Oklahoma Forestry Services battled 1,745 fires in 2011

As emergency responders look back on a busy year of fighting wildfires, they are focused on an elevated risk for wildfires Friday and Sunday.

While the primary risk Friday is in southwestern Oklahoma, stronger winds along with very warm and dry conditions will result in a more widespread elevated wildfire risk Sunday, according to the National Weather Service, Norman.

The threat follows a hectic year for emergency personnel who fight such blazes.

Oklahoma Forestry Services battled 1,745 fires in 2011, said Mark Goeller, assistant director.

Those blazed across 132,103 acres. In comparison, Oklahoma Forestry Services battled 2,664 fires that burned 83,881 acres in 1980, another year of extreme drought and heat.

“While we fought more fires in 1980, the acres burned in 2011 far exceeded that year,” Goeller said. “Another factor to consider is that currently we have more employees, better equipment, and more fire departments than Forestry Services had to work with in 1980.

“That gives you an indication of how bad 2011 was in regard to wildland fire.”

The number of fires and acres burned are only a couple of indicators of a busy year of fighting wildfires.

Oklahoma Forestry Services' fire protection area includes 15 counties in eastern Oklahoma.

However in 2011, they also responded to 161 fires outside their protection area. Goeller said that compares with 50 fires outside their area in 2007, the last busy fire year.

The ways they assisted varied. In some cases it meant going up in an Oklahoma Highway Patrol plane and using the broader view to provide firefighting information to the incident commander on the ground.

Goeller said this had been done some in recent years, but not to the extent it was during 2011.

“You can see the whole picture,” he said. “You are looking at the fire behavior, fuels, topography and potential control lines, whereas if you're in a vehicle you've only got a small glimpse of what the fire is doing and where it's going.”

Many fires in 2011

Fifteen people were reported injured in wildfires March 11, according to the state Health Department. There were 54 wildfires statewide reported to Oklahoma Forestry Services that day.

The American Red Cross of Central and Western Oklahoma, working in conjunction with Midwest City, Choctaw and Harrah officials, identified 39 affected residences, including 32 destroyed and one with major damage. One home was destroyed in Pottawatomie County, according to the American Red Cross.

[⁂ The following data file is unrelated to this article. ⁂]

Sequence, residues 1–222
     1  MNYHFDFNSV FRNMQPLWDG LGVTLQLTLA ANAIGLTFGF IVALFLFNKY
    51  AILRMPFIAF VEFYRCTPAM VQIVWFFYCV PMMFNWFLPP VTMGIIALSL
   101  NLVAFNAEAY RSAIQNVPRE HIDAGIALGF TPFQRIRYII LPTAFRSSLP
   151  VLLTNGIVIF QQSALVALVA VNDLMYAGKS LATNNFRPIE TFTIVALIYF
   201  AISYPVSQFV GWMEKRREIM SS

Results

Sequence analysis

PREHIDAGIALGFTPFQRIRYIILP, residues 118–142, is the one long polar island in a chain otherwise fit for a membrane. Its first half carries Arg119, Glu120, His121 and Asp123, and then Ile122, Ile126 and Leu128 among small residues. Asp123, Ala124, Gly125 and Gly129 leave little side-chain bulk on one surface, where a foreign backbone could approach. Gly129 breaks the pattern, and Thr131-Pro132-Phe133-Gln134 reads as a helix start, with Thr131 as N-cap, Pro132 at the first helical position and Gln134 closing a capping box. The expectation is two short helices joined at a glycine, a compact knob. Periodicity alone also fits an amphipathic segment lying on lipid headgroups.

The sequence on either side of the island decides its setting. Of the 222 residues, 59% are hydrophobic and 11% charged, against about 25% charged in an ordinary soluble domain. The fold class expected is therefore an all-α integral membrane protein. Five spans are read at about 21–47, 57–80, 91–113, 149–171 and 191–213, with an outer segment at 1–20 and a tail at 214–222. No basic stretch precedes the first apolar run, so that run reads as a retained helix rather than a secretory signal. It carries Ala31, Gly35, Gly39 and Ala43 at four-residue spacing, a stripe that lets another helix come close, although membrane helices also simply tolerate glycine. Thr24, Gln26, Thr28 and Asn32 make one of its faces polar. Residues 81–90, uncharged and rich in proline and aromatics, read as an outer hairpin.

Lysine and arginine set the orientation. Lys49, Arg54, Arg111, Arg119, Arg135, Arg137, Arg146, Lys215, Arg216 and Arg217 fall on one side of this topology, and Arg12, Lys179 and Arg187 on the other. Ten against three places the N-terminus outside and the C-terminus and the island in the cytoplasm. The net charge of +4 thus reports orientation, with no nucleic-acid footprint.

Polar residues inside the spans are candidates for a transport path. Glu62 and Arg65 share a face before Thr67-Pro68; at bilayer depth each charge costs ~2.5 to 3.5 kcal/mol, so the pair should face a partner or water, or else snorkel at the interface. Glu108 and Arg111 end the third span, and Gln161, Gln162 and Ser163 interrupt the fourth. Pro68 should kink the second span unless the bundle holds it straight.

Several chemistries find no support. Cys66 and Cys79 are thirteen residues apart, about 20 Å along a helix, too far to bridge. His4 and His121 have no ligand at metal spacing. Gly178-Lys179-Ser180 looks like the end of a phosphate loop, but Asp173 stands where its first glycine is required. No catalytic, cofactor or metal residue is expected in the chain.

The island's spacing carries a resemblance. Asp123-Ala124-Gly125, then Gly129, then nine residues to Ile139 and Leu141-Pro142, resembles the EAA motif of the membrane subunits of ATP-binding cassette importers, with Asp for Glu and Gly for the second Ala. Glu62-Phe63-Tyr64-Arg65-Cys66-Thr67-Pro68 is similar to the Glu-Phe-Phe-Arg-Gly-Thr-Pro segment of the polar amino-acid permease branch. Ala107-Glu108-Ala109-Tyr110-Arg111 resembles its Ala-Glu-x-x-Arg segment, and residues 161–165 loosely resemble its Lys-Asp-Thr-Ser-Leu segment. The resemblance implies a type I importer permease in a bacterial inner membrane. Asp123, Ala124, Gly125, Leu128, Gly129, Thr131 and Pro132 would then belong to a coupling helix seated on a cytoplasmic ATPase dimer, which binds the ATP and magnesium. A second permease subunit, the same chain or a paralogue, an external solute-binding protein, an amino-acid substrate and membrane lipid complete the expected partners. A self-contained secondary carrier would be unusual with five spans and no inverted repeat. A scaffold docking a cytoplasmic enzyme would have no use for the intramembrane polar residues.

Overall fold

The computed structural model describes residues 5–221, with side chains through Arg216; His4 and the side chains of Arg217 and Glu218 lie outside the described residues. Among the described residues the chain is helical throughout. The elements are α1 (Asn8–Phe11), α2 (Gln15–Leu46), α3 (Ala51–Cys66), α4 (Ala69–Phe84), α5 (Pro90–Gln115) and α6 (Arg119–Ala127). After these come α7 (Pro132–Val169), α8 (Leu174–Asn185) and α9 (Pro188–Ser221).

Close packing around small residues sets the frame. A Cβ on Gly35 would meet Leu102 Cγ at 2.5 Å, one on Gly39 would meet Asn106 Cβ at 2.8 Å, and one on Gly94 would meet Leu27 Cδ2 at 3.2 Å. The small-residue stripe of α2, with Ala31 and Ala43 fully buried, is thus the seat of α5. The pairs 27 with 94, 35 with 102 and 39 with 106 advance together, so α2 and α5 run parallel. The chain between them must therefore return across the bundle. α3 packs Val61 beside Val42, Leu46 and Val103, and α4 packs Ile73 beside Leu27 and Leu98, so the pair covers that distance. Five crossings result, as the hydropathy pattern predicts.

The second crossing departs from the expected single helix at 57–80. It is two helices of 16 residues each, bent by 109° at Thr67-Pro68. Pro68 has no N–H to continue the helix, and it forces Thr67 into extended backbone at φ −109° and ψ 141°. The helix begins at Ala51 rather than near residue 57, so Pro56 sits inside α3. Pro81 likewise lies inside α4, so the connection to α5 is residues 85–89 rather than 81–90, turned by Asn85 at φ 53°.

On April 3, the state Emergency Operations Center was aware of more than 100 fires burning across the state.

Three days later, the center and Oklahoma Forestry Services coordinated the dispatch of Oklahoma National Guard helicopters equipped with buckets. The Oklahoma Highway Patrol was assisting with traffic control. Other agencies provided ground firefighting equipment.

From June to August, there were numerous wildfires, with 15 resulting in Fire Management Assistance Grants, according to the state Department of Emergency Management.

These were just some of the wildfires across the state in 2011.

Ongoing planning

Another way 2011 differed from most years was the weekly conference calls involving Oklahoma Forestry Services; National Weather Service offices in Norman, Tulsa and Amarillo, Texas; Oklahoma Army National Guard; Oklahoma Highway Patrol and state Department of Emergency Management. The conference calls started in September 2010 and continued through last month. The purpose was to discuss the next week's fire potential and coordinate firefighting resource availability.

“As things continue to dry out and fire activity starts to pick up, then we'll resume those calls,” Goeller said. “However, even without the weekly calls, we can still get aircraft and send firefighting resources anywhere in the state when they're available.”

Oklahoma Forestry Services has 42 units, each consisting of a brush pumper-type vehicle, a transport truck and a fire suppression dozer and two firefighters, Goeller said. The conference calls helped in part to preposition units to areas facing greater wildfire risks on certain days in relation to various fire weather factors.

And although aerial firefighting assistance is usually thought of as the Oklahoma Army National Guard's CH-47 Chinook helicopters and the UH-60 Black Hawk helicopters, Oklahoma Forestry Services can mobilize federal resources such as fixed-wing air tankers and firefighting helicopters.

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